During the more than 20 years since the last flyby of an ice giant, we have built databases with time lines long enough to begin to study seasonal change on the giant planets (the years on Saturn, Uranus, and Neptune are approximately 29, 84, and 165 terrestrial years, respectively). Both spatial resolution and sensitivity necessitate the use of the best (and therefore most difficult to acquire) telescopic resources: Hubble and Keck. No other facilities—for example, VLT and Gemini—have the capability to produce comparable high-resolution visible and near-infrared imaging on these objects with their current laser guide star adaptive optics capability; furthermore, Hubble’s lifetime is now limited. Using Hubble and Keck (supplemented by Gemini, VLT, and Subaru in the mid-infrared, the Very Large Array [VLA] at radio wavelengths, and lower-resolution observations from Lowell Observatory, the NASA IRTF, and other facilities), seasonal changes are beginning to emerge on Uranus and Neptune,129,130,131 and we are beginning to glean insight on the lifetime and behavior of large- and medium-scale atmospheric features.132,133,134 Yet some of the most basic physical properties of these ice giant planets remain unknown, and planetary missions are the only means of uncovering those properties.
One important question among many relating to seasonal change on giant planets is this:
• How do variations in insolation and temperature (i.e., heat balance) drive changes in dynamics and composition?
Future Directions for Investigations and Measurements
A systematic effort is desired that would deliver multiple entry probes to all four planets to determine the composition and cloud structure and winds as a function of depth and location on the planet. A capable orbiting spacecraft would deliver these probes and would also provide remote sensing of the cloud deck in infrared and visible light, as well as detailed gravitational measurements to constrain the interior structure. However, the cost of such an approach is prohibitive.135,136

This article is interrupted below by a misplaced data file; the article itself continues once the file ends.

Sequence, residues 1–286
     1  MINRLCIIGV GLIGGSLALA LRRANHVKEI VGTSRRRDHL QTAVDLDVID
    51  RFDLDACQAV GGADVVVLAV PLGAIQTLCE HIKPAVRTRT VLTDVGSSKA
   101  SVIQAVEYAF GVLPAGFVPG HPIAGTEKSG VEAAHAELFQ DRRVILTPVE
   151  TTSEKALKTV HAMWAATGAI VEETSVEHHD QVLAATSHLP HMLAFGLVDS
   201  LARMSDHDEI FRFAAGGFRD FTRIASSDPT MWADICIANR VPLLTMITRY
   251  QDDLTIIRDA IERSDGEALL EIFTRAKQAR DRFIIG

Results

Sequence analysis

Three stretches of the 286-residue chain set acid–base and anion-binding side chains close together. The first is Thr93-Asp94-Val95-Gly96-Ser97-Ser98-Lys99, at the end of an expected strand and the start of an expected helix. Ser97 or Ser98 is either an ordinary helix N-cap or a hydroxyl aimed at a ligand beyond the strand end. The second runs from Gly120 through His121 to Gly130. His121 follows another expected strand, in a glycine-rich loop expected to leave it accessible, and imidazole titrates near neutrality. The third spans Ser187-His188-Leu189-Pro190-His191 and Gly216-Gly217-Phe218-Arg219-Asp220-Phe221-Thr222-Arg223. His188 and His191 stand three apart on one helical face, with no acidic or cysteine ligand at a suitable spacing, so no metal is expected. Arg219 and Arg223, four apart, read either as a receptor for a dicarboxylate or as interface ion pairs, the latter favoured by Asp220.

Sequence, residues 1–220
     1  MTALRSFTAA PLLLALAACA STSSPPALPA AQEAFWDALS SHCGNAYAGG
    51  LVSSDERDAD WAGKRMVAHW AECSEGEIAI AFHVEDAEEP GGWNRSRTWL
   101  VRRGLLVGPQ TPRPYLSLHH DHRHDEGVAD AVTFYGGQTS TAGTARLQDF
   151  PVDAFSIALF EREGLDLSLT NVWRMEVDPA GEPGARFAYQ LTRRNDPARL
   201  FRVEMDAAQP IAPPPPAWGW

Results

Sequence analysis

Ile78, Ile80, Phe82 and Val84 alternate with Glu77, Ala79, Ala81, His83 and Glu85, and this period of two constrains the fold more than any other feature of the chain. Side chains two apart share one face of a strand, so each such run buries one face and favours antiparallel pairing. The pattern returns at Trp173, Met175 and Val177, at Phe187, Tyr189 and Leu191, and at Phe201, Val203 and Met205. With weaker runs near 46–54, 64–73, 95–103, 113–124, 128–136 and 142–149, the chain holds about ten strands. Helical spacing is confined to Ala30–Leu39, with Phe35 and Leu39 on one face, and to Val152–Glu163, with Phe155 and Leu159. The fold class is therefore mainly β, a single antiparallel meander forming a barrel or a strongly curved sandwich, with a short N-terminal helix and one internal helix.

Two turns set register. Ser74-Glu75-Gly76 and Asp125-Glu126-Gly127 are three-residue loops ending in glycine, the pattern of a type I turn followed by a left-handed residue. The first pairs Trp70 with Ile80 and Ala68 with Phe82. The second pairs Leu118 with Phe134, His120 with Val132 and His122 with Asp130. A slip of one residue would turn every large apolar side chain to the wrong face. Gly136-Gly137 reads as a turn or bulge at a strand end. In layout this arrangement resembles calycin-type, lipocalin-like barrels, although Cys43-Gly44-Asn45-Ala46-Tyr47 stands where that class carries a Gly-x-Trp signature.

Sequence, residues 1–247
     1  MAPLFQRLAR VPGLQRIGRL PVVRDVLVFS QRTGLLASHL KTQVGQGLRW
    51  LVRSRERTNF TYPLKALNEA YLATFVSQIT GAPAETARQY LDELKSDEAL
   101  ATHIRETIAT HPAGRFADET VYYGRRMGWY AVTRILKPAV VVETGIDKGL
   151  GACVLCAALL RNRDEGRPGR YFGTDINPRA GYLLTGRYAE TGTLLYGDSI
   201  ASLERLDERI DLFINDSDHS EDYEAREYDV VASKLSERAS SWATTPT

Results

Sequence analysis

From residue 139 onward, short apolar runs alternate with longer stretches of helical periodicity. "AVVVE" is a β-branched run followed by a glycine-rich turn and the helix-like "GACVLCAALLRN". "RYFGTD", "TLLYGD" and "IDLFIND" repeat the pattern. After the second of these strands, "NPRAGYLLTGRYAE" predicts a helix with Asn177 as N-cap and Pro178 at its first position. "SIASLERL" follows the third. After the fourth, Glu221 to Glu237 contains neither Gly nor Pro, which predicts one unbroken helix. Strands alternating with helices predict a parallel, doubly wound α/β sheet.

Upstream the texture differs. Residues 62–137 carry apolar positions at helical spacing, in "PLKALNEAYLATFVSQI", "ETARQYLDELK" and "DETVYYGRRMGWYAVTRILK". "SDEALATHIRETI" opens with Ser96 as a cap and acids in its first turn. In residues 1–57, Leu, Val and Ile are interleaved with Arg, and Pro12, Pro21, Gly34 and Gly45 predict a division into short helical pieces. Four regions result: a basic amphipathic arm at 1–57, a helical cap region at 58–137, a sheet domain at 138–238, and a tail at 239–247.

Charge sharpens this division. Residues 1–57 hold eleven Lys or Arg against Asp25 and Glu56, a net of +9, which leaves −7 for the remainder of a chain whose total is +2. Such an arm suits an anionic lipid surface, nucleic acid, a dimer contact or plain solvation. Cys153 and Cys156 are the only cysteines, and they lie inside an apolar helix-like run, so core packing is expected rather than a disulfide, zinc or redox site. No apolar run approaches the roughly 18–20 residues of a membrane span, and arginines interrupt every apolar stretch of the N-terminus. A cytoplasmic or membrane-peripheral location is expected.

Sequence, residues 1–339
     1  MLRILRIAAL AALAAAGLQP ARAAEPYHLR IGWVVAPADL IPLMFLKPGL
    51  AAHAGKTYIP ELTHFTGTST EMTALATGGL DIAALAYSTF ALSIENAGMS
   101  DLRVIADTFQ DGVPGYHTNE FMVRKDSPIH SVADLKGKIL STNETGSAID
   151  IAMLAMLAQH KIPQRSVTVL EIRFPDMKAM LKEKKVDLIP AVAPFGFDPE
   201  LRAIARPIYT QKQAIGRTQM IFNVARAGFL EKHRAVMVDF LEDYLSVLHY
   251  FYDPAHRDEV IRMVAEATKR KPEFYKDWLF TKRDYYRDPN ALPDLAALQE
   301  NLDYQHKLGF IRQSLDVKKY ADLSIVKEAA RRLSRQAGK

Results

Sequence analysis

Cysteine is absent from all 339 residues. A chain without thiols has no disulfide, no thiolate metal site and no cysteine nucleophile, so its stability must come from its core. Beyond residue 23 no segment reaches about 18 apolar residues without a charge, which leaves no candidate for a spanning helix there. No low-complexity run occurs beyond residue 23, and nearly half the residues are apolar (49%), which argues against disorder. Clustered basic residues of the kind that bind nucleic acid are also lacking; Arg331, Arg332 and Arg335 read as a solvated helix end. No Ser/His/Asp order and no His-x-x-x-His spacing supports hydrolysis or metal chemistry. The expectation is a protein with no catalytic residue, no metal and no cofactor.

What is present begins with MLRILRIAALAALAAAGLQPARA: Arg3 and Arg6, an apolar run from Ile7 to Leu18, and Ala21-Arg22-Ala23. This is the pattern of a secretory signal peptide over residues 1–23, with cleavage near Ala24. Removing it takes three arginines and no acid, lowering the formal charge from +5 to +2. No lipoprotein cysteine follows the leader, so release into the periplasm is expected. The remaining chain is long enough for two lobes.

More realistically, the next logical steps for significant progress in studies of giant planets are a Saturn atmospheric-entry probe and an orbiting mission with an entry probe to Uranus or Neptune. For Jupiter, a second shallow probe is unlikely to refine our understanding further, and the Juno mission (constraining water and possibly sensing deep convective perturbations on the gravitational field) will continue to return new Jupiter data.137,138,139,140,141
At the same time, research and analysis support will allow the interpretation of Cassini Saturn results and allow for ongoing studies of weather and climate on the ice giants. More precise infrared and visual heat-balance studies of all of these planets would better constrain their thermal histories. Some, but not all, of this work can be done with Earth-based facilities.
Evaluate Solar Wind and Magnetic-Field Interactions with Planets
For comparison with Earth, the giant planets are the only solar system examples of planets with strong magnetic fields interacting with the solar wind. The dimensions of most planetary magnetospheres are set by a competition between solar wind ram pressure and the energy density in the planet’s own magnetic field. Many of the observed phenomena in the outer regions of a magnetosphere are controlled in part by interactions with the solar wind. These phenomena include the spectacular auroral displays seen near the magnetic poles of Earth, Jupiter, and Saturn, which are fed by magnetospheric plasma. In the case of Earth, most of the magnetospheric plasma is actually derived from trapped solar wind, but at Jupiter and Saturn the main sources appear to be Io and either the rings or the icy satellites (especially Enceladus).